Apple has fiercely opposed a British parliament amendment to a statute that would empower the government to require messaging services to undermine encryption that protects their customers. The Cupertino business stated that it will not undermine the end-to-end encryption provided to iMessage customers in one country. As part of planned revisions to an existing legislation, UK MPs are looking to weaken encryption of messaging platforms in order to arrest criminals.

The Online Safety Bill, which comprises proposed revisions to the Investigatory Powers Act (IPA) 2016, has been introduced in the UK parliament for consideration, and the government has begun an eight-week consultation process. One of the suggested adjustments will require services such as iMessage and Signal to install technology that will monitor child sexual abuse material (CSAM) on their platforms.

Backdoors in encrypted messaging applications are among the suggested modifications, as is requiring companies to provide data about any new security features they want to introduce on their individual platforms. It is important to note that building a backdoor for law enforcement or other sorts of authorised interception would also create weaknesses that hackers and cybercriminals may exploit.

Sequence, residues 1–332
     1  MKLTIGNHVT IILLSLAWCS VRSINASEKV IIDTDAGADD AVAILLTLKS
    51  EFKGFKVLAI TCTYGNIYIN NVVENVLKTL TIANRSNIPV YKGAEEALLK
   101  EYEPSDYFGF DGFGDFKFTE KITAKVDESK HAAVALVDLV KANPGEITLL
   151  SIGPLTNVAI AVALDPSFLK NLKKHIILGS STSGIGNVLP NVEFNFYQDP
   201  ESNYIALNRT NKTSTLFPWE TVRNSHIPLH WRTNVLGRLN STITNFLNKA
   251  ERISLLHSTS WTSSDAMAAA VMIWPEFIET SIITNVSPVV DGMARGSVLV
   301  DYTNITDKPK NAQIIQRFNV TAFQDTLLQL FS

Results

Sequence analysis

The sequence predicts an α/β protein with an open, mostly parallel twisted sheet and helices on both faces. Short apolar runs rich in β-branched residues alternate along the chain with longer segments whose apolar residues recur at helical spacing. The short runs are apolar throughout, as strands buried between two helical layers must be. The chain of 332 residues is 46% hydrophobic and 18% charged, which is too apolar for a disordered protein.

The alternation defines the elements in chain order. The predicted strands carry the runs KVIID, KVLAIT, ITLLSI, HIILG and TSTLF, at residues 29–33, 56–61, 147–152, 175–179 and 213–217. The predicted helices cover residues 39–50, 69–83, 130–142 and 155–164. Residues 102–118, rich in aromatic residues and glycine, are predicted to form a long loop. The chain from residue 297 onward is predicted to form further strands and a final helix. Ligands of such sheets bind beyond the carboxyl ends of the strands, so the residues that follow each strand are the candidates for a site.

Apple has also stated that it will not reduce its security protections for users worldwide, specifically for one country.

If the government implements the planned modifications to the IPA Act, Apple has threatened to suspend support for iMessage and FaceTime in the UK.

The UK government’s eight-week consultation period will include input from the industry. The Home Office responded to the BBC by noting that the IPA Act was enacted to protect the public from “criminals, child sex abusers, and terrorists” and that “no decisions have yet been made” while alluding to the consultation that is part of the review process.

 

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